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Seniors

Because your immune system weakens as you age, adults age 65 years and older are more susceptible to the flu. It is important all seniors get the flu vaccine.

  • You have two options for vaccination: the regular dose flu shot and the high-dose shot that results in a stronger immune response. Talk to your health care provider to decide which one is right for you.
  • If you have flu-like symptoms, contact your health care provider immediately.
  • Since you are at high risk for flu-related complications, your doctor may prescribe antiviral medications if you get the flu.

Why does being older than 65 put me at higher risk for getting the flu?

As you age, your immune system weakens. This weakening makes seniors—adults 65 years and older— more susceptible to the flu. For seniors, the seasonal flu can be very serious, even deadly. Ninety percent of flu-related deaths and more than half of flu-related hospitalizations occur in people age 65 and older.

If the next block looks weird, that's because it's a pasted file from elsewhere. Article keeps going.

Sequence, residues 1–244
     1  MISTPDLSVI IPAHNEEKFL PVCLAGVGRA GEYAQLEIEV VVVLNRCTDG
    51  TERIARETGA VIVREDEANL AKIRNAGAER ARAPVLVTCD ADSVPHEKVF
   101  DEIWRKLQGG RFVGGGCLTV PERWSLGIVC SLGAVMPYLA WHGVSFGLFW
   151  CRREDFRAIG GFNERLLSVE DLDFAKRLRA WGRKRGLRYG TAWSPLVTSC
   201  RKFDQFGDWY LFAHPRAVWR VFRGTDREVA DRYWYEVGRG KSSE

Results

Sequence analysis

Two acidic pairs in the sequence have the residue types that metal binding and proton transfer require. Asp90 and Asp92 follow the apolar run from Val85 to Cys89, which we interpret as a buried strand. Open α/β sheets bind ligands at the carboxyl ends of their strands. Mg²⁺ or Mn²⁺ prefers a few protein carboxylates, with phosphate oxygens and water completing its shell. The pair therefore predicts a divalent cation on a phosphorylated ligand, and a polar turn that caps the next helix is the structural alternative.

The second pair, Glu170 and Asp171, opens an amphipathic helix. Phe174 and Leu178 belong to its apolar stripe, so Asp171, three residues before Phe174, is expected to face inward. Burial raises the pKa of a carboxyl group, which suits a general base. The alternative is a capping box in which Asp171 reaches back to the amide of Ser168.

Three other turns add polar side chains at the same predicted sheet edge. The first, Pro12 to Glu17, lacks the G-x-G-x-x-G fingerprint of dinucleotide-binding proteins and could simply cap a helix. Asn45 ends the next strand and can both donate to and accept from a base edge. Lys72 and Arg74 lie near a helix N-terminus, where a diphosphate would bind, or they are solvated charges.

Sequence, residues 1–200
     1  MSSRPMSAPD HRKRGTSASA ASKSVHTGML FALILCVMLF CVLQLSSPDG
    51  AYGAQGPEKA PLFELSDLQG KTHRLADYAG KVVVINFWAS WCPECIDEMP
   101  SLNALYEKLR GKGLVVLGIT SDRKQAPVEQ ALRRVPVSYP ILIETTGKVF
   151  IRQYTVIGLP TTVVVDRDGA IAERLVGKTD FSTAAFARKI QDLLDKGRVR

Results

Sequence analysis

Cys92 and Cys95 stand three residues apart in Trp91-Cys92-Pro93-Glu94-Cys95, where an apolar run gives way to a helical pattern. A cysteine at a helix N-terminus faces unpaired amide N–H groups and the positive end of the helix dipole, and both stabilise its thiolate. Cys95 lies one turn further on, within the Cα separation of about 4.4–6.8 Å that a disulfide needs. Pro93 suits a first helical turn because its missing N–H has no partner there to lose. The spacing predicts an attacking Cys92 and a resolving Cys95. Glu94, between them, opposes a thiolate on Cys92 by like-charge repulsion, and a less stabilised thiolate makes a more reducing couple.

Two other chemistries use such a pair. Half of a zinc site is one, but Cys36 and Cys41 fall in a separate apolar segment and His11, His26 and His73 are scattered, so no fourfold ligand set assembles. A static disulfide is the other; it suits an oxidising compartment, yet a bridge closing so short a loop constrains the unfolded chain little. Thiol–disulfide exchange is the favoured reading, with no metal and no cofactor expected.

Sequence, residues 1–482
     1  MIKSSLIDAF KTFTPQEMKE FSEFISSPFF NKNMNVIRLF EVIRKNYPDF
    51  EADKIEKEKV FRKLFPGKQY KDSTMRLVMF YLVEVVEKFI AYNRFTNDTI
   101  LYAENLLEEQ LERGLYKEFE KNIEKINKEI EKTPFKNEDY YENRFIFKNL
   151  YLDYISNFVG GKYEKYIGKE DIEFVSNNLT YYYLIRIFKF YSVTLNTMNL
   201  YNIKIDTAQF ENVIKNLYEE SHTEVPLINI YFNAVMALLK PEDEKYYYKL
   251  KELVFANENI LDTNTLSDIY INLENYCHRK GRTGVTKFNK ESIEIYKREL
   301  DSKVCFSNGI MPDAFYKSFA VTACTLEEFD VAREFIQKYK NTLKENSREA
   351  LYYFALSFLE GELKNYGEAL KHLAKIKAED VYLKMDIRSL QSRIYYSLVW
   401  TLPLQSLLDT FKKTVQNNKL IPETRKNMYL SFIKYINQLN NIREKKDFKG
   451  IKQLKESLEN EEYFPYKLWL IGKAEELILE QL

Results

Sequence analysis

How can I protect myself from the flu?

Get the flu vaccine as soon as it is available in your area. Getting the flu vaccine protects you and prevents you from spreading the flu to your spouse, children, or grandchildren.

You have two options for vaccination—the regular dose flu shot and the higher-dose flu shot designed specifically for people 65 and older. Both vaccines protect against the same three flu viruses. The higher-dose vaccine should result in a stronger immune response. Talk to your health care provider about which vaccine is right for you.

In addition to getting the flu vaccine, you should follow our everyday steps to keep yourself healthy this flu season.

Because you are at an increased risk of getting pneumonia, a complication of the flu, talk to your health care provider about the pneumococcal vaccine. The pneumococcal vaccine will protect you against pneumonia.

Will Medicare cover my flu vaccine?

Yes, Medicare will cover the flu vaccine once every flu season.

I have the flu, what should I do?

If you develop flu-like symptoms, contact your health care provider immediately. Since you are at high risk for flu-related complications, your health care provider may prescribe antiviral medications to help make your symptoms less severe and make you feel better faster.

You should also follow our treatment recommendations.

Related Links

CDC Study Concludes Flu Vaccination Prevents Hospitalizations in Older People

What You Should Know and Do this Flu Season if You Are 65 Years and Older